University of Miami Launches Conservation Program

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Photo credit: Intervarsity.org

By Joseph Wright, staff writer for Save the Water™ | October 5, 2014 |

Introduction

Water conservation is something that everyone can take part in. While it is important to initiate ecologically conscious changes in our daily lives, it is important to encourage that change in all parts of our communities. Across the country, nearly 20 million students attend colleges and universities.7 These institutions have the ability to make a huge impact, negative or positive, on the environment. Some have already taken a leading role in being eco-conscious such as The University of Colorado, The University of New Hampshire, and Middlebury College in Vermont. Many other institutions have also taken huge steps forward, including the University of Miami (UM) in Coral Gables.

Ongoing Efforts

In 2005, UM launched a new program entitled Green U with the aim of making the University “a community leader in the acquisition of environmentally responsible products and the practice of ecologically sound maintenance and operations procedures.”5 Some initiatives include:9

• Installation of low-flow showerheads in residence halls
• Timer controls on irrigation systems
• Installation of low-flow urinals and toilets
• An aggressive water leak detection program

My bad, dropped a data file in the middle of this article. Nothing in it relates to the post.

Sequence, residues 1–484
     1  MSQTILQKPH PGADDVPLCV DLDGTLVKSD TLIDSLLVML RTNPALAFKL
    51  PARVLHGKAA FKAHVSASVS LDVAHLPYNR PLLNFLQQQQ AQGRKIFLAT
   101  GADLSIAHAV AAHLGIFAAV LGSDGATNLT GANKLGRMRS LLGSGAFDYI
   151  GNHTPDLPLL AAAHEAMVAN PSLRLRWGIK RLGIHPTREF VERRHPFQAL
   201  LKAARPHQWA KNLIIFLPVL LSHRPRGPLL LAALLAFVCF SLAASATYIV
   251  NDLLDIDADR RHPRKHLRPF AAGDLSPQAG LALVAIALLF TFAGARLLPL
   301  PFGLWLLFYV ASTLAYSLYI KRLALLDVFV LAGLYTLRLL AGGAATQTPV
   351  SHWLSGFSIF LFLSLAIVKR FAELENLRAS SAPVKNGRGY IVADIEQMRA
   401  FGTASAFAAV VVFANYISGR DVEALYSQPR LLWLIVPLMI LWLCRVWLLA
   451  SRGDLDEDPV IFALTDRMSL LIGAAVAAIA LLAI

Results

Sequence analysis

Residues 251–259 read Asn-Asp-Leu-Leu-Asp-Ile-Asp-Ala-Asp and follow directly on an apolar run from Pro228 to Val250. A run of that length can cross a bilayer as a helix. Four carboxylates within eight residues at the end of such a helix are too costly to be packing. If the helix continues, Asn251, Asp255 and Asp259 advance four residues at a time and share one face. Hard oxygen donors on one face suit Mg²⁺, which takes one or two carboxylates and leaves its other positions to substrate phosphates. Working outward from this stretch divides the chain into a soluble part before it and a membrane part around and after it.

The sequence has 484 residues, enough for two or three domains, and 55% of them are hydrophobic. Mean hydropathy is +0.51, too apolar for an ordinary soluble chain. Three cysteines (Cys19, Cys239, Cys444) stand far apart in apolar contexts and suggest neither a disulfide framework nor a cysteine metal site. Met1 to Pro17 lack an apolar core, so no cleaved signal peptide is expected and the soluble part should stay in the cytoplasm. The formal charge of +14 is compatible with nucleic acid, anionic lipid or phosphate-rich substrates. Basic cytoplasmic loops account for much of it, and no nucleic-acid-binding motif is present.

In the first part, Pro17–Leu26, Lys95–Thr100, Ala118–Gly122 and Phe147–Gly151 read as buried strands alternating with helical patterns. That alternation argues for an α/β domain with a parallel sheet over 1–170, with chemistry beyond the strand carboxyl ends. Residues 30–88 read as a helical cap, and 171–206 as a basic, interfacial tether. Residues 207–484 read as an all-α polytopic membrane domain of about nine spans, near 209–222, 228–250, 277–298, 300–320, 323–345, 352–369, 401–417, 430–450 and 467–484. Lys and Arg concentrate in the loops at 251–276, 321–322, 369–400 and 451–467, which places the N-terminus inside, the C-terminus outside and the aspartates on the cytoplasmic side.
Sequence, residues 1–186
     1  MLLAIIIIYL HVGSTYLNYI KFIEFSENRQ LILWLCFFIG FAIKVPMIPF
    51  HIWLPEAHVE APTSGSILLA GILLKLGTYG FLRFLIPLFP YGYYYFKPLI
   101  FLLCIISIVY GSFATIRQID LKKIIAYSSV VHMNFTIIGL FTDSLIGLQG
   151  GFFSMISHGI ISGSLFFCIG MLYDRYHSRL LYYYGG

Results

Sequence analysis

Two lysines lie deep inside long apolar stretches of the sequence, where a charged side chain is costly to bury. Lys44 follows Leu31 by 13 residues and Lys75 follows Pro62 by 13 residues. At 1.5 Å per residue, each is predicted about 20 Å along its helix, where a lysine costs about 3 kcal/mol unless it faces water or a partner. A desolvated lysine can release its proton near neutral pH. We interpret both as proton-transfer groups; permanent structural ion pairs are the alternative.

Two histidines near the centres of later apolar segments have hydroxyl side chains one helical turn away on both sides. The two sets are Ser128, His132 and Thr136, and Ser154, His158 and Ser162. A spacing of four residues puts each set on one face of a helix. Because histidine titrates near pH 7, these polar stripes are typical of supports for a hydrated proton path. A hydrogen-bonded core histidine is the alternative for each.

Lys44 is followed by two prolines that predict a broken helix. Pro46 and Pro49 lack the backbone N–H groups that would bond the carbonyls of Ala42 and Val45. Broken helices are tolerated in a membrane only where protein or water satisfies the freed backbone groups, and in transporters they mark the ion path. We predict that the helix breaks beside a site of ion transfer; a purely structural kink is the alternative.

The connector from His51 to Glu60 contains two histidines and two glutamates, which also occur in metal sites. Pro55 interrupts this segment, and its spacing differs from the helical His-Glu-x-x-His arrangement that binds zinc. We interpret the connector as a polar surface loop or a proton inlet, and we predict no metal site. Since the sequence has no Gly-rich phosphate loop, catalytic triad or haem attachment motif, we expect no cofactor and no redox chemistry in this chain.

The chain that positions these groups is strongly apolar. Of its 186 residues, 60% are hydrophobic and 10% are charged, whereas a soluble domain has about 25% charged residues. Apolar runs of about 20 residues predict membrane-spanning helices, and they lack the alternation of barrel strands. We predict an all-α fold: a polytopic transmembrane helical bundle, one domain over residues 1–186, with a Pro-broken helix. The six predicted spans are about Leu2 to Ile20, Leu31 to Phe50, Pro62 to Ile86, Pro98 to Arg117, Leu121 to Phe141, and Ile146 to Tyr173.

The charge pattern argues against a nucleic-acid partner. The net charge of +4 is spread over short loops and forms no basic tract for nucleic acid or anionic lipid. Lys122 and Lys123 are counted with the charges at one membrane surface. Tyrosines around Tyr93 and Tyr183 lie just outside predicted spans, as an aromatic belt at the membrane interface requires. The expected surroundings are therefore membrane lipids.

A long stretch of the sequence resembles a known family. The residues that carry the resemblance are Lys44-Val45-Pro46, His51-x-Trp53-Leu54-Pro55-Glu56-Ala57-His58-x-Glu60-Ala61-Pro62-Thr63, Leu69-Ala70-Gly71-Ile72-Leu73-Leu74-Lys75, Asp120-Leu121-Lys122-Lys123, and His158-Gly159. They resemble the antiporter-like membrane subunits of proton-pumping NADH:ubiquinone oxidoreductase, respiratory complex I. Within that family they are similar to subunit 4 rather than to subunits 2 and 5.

Amazingly, since 2012, UM has expanded, increasing its total square-footage while decreasing its total water-use.9 In an effort to decrease drinking water waste, UM has installed water-filling stations onto current drinking water fountains. During the fall, incoming students are given a reusable water bottle to promote use of these stations.9 The bottles and new filling stations are a part of the “Take Back The Tap” to reduce water waste and plastic bottle use.2,9

As the University has expanded, it has also made sustainable growth a priority. All new buildings erected on UM campuses meet the U.S Green Building Council’s LEED Silver certification.4 In addition to the new Silver standard, the Fieldhouse on the Coral Gables campus meets LEED Gold certification.7

Careful Planning

In 1993, a philanthropist and trustee of UM named Frank Smathers Jr. donated a 32-acre estate to the University.1 Eleven acres of this property were used to build housing for University faculty while keeping a low-impact and water conservation mindset.1 As a whole the project was so successful, it earned the Urban Land Institute Woolbright Dream Green Reality Award in 2009.1 Perhaps the most notable feature of these buildings is that they are very energy efficient. In water conservation, energy efficiency is vital. To produce nearly every kind of energy, water consumption is required – a chart provided by the IEEE can be found here.10 To keep energy use low and sustainable, solar panels have been installed to power the Patricia Louise Frost Music Studios, a solar phone charging station has been installed in the Richter Library, and campus trash and recycling compactors have had solar panels installed.7 Throughout the University’s expansion over the last few years, the annual energy usage has decreased.7